Finally the day I had thought about for my entire sporting life, had arrived.  My race start time (known as a ‘wave’) was 1505 but prior to this I needed to drop off my kit into the transition areas.  This was the first event I had competed in with a split transition, so T1 (the transition from swim to  bike) was in a different location to T2 (the transition from bike to run).  By 1430, my transition areas were setup, GB tri suit & wetsuit were on and I found myself in the waiting pen for my wave…and the sun had finally made an appearance!

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I had a disappointing swim but made up time on the technical bike course (those BMX racing days came in handy) and I managed a PB on the run, ending up as 14th out of 72.  My target had been to finish in the top 20 so I was thrilled and it left me determined to get on that podium.  The Closing Party was huge fun and all I can say is the Mexican Team really know how to party!

I enjoyed every second of the experience and now motivated to qualify again.  An ongoing challenge with this is trying to juggle a training program with family life, school runs & work. Although training sessions for Sprint distance triathlons are more manageable in terms of time, I still find it a continuous struggle to fit everything in.  Some weeks, well most weeks, something has to give and that is normally my training. It’s the old cliché of there not being enough hours in the day…it’s taken me over 2 weeks to write this blog in between planning a birthday party for a 5 year old and half term!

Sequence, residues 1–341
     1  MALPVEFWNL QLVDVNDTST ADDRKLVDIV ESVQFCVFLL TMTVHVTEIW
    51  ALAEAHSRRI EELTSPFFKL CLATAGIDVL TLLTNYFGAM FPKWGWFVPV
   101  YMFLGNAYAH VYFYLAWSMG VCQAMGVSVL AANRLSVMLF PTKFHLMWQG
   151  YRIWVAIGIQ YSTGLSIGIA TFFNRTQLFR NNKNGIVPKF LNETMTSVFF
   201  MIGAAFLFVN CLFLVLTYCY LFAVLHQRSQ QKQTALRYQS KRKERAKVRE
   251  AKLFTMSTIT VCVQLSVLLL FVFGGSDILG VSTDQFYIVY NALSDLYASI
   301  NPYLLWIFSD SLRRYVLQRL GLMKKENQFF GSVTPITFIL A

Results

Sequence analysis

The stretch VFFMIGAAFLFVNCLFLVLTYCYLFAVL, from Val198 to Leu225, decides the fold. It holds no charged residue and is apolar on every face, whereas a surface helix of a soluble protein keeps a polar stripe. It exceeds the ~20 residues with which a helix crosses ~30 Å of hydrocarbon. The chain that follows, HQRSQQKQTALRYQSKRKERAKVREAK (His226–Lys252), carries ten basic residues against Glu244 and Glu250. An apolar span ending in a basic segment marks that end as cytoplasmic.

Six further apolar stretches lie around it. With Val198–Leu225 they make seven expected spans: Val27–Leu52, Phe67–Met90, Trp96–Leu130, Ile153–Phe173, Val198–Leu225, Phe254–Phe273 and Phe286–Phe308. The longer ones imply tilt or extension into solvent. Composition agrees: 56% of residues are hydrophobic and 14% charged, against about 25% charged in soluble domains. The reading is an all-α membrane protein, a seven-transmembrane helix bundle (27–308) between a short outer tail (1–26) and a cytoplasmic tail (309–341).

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I try to sit down on a Sunday evening and have at least a rough plan of where I can slot my training sessions in for the week.  These are of course subject to change! There will always be obstacles like train delays or children being ill that forces plans to be changed.  If I have a week where training sessions have just not happened by no fault of my own, I try not to get too worked up or worried about it.